These radical political shifts have severely strained Turkish-Israeli relations, with military actions contributing to the situation. Israel’s war on Hezbollah has always been viewed as a covert struggle against Iran and Syria, since according to Israel, Hezbollah is supported and armed by these two “rogue” states. On August 3, 2006, the Turkish Grand National Assembly declared that Israel was exercising “state terror” and called on the International Criminal Court to act. In February 2006, Khaled Mashal, the official representative of Hamas in Damascus, met with Turkish officials, including President Abdullah Gül, an action criticized by Israel and the international community alike. Turkey maintains that the purpose of the visit was to mediate between Israel and the Hamas leadership, but Israel felt the meeting provided Hamas with undeserved legitimacy. Israel cannot accept Hamas because it has expressed the desire for extermination of the State of Israel. American Jewish lobby representatives indicated that, from that incident, Turkey had lost her credibility to mediate Israel-Palestine talks. Even civilian actions are at issue, such as Turkey’s airing of anti-Semitic Turkish TV series, namely Kurtlar Vadisi (Valley of the Wolves) and Ayrılık (Separation). As regards other contributing factors affecting the deterioration of bilateral relations, one can cite the war launched by Israel on 27 December 2008, where disproportionate force was indiscriminately used on the Palestinians, Israel was officially and harshly condemned by Turkey and an immediate cease fire was called for between the parties. Furthermore, Erdoğan severely criticized Israel’s war on Gaza in a debate with Israel’s President Shimon Peres at the 2009 World Economic Forum meeting in Davos, Switzerland, and walked off the stage in protest. This incident has been interpreted by various circles as a new configuration of Ankara’s foreign policy in the region. The last straw, as it were, occurred on May 31, 2010, when Israel Defense Forces intercepted six humanitarian aid ships en route to Gaza. The ships had been sent by a Turkish relief agency (İnsani Hak ve Hürriyetleri ve İnsani Yardım Vakfı) with the intention of breaking through Israel’s blockade of the Gaza Strip. Nine activists (eight Turks and one Turkish-American) were killed in the conflict. This incident, known as the Mavi Marmara affair, brought Turkish-Israeli relations to the brink of crisis. Despite Turkish demands, Israel has not officially apologized to Turkey and is reluctant to compensate families of the victims. In reaction, Ahmet Oğuz Çelikkol, Turkish ambassador to Israel, was reprimanded by Avigdor Lieberman, the foreign minister himself. Further, Israeli Deputy Foreign Minister Danny Ayalon called Çelikkol to a meeting with the media present, where, out of contempt, he was seated lower than Ayalon. In protest, Turkey recalled Çelikkol, downgrading her representation in Israel to a second secretary, one political action short of severing diplomatic relations. These happenings aptly demonstrate how quickly Turkish-Israeli relations have deteriorated; the only sign of amelioration has been to extend humanitarian assistance during natural disasters, such as the December 2010 Mount Carmel forest fire in Israel and the October 2011 Van earthquake in Turkey.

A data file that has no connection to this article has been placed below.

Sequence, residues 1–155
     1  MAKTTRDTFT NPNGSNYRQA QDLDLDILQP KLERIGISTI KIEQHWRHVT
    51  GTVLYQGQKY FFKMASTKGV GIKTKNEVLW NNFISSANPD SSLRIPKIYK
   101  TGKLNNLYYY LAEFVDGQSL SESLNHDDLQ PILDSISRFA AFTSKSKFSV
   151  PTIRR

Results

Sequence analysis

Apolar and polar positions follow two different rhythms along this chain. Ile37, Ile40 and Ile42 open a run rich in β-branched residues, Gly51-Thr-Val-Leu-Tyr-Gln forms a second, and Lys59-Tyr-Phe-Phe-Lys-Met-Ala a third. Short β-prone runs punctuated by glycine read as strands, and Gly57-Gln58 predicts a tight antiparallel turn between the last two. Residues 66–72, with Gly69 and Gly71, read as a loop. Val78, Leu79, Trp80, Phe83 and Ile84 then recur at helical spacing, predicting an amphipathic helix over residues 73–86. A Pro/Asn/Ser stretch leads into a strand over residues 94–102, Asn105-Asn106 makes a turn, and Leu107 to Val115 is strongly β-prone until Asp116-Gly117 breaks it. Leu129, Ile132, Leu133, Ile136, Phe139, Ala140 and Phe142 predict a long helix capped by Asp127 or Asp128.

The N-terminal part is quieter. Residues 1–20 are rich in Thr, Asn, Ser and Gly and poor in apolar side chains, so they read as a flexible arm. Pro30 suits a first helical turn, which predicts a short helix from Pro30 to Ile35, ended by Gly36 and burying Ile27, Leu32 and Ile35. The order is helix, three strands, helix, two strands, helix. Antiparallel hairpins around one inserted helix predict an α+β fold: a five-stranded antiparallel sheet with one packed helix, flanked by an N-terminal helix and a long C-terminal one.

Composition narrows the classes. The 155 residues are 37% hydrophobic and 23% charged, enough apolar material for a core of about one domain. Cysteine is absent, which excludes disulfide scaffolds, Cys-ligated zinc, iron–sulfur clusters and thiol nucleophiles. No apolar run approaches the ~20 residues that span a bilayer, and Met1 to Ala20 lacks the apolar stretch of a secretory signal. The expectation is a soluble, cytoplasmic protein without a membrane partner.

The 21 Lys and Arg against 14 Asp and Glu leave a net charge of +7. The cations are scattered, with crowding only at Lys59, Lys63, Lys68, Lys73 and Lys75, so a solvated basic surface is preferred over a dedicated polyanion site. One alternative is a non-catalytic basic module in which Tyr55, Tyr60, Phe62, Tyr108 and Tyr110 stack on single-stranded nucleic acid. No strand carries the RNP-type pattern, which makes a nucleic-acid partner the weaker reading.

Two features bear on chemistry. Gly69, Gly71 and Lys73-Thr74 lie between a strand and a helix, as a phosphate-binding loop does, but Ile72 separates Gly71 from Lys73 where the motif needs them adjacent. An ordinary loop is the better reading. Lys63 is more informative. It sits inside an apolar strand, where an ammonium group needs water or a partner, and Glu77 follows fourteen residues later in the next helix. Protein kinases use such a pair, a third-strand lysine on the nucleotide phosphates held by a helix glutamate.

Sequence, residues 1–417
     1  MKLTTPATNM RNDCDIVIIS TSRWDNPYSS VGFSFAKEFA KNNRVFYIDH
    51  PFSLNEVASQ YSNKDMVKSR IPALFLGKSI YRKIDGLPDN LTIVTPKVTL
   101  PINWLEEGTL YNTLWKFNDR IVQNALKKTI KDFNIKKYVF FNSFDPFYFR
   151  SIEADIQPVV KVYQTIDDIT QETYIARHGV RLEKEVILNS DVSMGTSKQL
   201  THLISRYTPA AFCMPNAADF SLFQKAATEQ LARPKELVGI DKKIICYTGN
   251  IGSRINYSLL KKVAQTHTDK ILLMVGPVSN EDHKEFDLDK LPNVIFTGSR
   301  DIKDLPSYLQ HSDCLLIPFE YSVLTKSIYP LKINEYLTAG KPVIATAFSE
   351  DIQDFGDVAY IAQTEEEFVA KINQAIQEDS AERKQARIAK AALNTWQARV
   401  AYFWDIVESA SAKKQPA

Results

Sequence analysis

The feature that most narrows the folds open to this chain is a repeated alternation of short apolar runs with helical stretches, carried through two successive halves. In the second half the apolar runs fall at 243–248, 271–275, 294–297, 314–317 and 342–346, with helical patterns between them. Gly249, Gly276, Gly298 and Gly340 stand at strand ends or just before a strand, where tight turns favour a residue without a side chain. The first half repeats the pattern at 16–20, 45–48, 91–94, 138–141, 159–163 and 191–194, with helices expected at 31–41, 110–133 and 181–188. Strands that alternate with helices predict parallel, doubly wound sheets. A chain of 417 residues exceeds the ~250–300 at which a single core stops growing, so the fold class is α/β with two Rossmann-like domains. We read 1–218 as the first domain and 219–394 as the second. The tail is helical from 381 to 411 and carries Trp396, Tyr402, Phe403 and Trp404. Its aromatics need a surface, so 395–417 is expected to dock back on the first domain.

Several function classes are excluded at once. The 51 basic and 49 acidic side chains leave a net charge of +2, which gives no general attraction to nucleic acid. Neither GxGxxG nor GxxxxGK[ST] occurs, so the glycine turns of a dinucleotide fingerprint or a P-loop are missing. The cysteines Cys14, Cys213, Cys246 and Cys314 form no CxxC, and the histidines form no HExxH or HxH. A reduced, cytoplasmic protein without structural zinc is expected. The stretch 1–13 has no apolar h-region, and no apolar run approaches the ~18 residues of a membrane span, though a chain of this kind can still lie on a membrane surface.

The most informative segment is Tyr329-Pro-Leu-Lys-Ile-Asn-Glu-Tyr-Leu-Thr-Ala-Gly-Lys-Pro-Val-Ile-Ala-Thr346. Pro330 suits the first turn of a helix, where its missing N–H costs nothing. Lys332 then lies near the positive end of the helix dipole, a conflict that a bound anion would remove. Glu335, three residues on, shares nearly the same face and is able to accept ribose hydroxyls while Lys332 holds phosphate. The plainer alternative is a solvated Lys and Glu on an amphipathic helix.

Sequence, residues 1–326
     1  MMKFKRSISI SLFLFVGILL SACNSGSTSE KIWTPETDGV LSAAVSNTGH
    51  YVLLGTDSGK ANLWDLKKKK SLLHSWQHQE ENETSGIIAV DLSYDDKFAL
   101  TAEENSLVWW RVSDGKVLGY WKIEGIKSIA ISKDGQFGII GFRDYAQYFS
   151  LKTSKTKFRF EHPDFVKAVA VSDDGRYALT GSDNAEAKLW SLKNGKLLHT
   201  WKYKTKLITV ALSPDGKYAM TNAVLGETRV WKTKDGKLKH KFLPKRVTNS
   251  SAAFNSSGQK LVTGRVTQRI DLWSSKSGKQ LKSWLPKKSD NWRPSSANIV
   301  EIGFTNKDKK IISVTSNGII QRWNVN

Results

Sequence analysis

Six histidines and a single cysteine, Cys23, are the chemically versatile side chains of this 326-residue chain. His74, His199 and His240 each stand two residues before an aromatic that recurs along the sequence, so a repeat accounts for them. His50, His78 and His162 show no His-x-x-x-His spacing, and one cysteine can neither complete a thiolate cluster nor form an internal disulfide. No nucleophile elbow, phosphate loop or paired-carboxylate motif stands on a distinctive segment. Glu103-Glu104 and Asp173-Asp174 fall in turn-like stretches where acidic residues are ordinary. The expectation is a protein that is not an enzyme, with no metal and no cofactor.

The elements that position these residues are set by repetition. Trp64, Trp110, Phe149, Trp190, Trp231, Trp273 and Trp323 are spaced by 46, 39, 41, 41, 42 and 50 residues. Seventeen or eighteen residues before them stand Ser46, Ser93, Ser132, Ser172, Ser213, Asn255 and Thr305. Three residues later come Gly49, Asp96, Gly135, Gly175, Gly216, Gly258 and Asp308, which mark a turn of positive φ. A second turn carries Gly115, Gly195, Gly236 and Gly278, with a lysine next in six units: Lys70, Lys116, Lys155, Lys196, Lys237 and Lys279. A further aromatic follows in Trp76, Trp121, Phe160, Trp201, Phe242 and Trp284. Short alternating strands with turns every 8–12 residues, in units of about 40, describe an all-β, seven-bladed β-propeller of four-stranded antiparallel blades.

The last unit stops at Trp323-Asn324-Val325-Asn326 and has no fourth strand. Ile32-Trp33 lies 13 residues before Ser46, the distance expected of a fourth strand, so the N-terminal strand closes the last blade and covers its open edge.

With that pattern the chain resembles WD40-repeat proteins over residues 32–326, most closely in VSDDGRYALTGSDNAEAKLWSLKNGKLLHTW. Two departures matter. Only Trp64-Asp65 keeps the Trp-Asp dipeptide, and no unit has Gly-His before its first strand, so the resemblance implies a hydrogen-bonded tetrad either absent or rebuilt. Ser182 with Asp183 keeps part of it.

This freeze in relations occurs as the US withdraws her military presence from Iraq and during visible turmoil and civil strife in the region in the wake of the recent Arab Spring. Further, at the beginning of the 2000s, the US initiated a “restructuring” of the Middle East and its surrounding geography under a project named “The Greater Middle East”, chairing it with Turkey. The project is nebulous but apparently continues; some claim that the Arab Spring may even be a byproduct. The US War on Terror launched after the 9/11 attacks has also affected Turkish-Israeli relations. The Iraq war opened the way for Iran, a prominent regional state, to intervene and spread her influence in the region by taking sides in sectarian strife and supporting Shiite opposition leaders and their strongholds in Iraq and elsewhere. Finally, ongoing events, particularly in Syria and Egypt, further complicate the state of affairs in the Middle East. How Turkey and Israel perceive these events and evaluate developments from the viewpoints of national interest and security inevitably sets the tone of their relations. In other words, whether the threat perceptions of the two countries continue to correspond or whether a shift has occurred must be carefully examined to fully understand the source of the rift between the two countries.
In this author’s view, the deterioration of relations between Turkey and Israel stems from structural changes in the countries’ internal and external environments.
5.1. Internal changes
5.2 External changes